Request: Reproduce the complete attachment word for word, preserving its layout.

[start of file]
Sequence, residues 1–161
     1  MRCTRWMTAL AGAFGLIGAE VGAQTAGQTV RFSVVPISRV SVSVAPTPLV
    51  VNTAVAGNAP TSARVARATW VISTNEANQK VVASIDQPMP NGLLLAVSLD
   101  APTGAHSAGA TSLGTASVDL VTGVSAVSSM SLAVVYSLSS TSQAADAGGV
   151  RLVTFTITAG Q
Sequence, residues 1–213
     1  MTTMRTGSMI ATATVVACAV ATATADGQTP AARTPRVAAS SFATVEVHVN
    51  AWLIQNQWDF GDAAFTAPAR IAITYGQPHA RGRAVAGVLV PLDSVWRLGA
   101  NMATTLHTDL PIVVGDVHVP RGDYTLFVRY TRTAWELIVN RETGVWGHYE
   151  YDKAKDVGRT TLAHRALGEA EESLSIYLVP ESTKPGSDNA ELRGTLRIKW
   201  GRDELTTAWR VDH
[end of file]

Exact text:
Sequence, residues 1–161
     1  MRCTRWMTAL AGAFGLIGAE VGAQTAGQTV RFSVVPISRV SVSVAPTPLV
    51  VNTAVAGNAP TSARVARATW VISTNEANQK VVASIDQPMP NGLLLAVSLD
   101  APTGAHSAGA TSLGTASVDL VTGVSAVSSM SLAVVYSLSS TSQAADAGGV
   151  RLVTFTITAG Q
Sequence, residues 1–213
     1  MTTMRTGSMI ATATVVACAV ATATADGQTP AARTPRVAAS SFATVEVHVN
    51  AWLIQNQWDF GDAAFTAPAR IAITYGQPHA RGRAVAGVLV PLDSVWRLGA
   101  NMATTLHTDL PIVVGDVHVP RGDYTLFVRY TRTAWELIVN RETGVWGHYE
   151  YDKAKDVGRT TLAHRALGEA EESLSIYLVP ESTKPGSDNA ELRGTLRIKW
   201  GRDELTTAWR VDH